New York City Mayor Bill de Blasio has called for a pause in demonstrations over police killings of unarmed African Americans until after two slain New York City Police Department officers are laid to rest. Officers Wenjian Liu and Rafael Ramos were ambushed in their patrol car in Brooklyn Saturday by Ismaaiyl Brinsley, a man with a history of mental health issues and multiple arrests. Speaking before a nonprofit police group, de Blasio said political events should be delayed until after the funerals.
Mayor Bill de Blasio: "I think it’s a time for everyone to put aside political debates, put aside protests, put aside all of the things that we will talk about in due time. In the coming days, two families prepare for funerals. Two families try to think about how to piece their lives back together. That should be our only concern: How do we support them? So I would ask any organizations that were planning events or gatherings that are about politics and protest, that could be for another day."
The sister of the shooter who killed two New York City Police Department officers says her brother suffered from mental illness and should have received help. Ismaaiyl Brinsley fatally shot himself after killing the officers. Earlier in the day, he had shot and injured his girlfriend. His sister Jalaa’i Brinsley, spoke to reporters.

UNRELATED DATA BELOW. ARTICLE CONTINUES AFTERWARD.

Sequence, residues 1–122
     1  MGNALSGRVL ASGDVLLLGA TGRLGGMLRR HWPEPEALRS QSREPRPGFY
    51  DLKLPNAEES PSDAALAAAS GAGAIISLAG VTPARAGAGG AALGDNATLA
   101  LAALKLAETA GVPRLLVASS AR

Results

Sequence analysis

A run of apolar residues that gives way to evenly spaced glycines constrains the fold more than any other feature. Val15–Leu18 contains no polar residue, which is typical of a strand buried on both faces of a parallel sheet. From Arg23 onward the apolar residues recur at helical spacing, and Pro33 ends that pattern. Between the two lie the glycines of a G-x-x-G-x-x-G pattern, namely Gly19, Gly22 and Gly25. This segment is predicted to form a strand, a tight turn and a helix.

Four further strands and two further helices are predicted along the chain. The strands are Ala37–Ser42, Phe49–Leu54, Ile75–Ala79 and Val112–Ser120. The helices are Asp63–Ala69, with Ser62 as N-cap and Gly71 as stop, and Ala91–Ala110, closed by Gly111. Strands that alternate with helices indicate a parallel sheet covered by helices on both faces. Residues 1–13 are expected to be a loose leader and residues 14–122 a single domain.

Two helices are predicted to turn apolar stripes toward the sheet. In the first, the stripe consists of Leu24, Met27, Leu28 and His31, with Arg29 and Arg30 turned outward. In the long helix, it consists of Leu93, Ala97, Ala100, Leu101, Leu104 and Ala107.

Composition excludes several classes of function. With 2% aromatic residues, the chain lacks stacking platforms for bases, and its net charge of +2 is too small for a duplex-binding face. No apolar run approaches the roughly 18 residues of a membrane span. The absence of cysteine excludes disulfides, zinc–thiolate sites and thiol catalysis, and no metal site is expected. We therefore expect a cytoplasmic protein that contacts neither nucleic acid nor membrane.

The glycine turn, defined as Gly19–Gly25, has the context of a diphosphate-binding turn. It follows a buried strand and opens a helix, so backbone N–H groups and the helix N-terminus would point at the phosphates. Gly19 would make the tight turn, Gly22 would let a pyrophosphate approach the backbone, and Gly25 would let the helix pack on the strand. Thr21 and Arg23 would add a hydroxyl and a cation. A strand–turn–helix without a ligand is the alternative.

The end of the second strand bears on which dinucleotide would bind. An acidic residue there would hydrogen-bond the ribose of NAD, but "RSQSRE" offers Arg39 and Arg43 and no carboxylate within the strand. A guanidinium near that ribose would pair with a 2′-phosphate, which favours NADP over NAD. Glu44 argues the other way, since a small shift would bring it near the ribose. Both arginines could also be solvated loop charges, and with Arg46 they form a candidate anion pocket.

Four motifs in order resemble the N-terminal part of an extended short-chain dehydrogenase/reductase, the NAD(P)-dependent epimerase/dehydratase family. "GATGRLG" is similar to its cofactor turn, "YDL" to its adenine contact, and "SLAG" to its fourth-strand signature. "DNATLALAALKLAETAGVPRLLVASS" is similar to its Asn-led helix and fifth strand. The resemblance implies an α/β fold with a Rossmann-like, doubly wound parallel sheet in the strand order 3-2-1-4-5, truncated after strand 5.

Jalaa’i Brinsley: "He was an emotionally troubled young man, and he was suicidal. Clearly something’s wrong. He should have been offered help in the system, right? But he wasn’t."
Mayor de Blasio has visited the families of the slain NYPD officers and vowed to attend the funeral for Officer Rafael Ramos this weekend. The funeral for the second officer has not been scheduled. The move comes as de Blasio faces animosity from the city’s largest police union over his response to police brutality and racial profiling, including his remarks about fearing for his biracial son, Dante, and training him to take special care in police encounters. Speaking at a news conference alongside Mayor de Blasio Monday, New York City Police Commissioner William Bratton said the animosity is part of politics.
William Bratton: "Some of you have been around this town for a while. Can you point out to me one mayor that has not been battling with the police unions in the last 50 years? Name one. Name one. So the experience of this mayor in terms of some cops not liking him is nothing new. It’s part of life, it’s part of politics. And it is what it is. This is New York City. We voice our concerns, and we voice our opinions."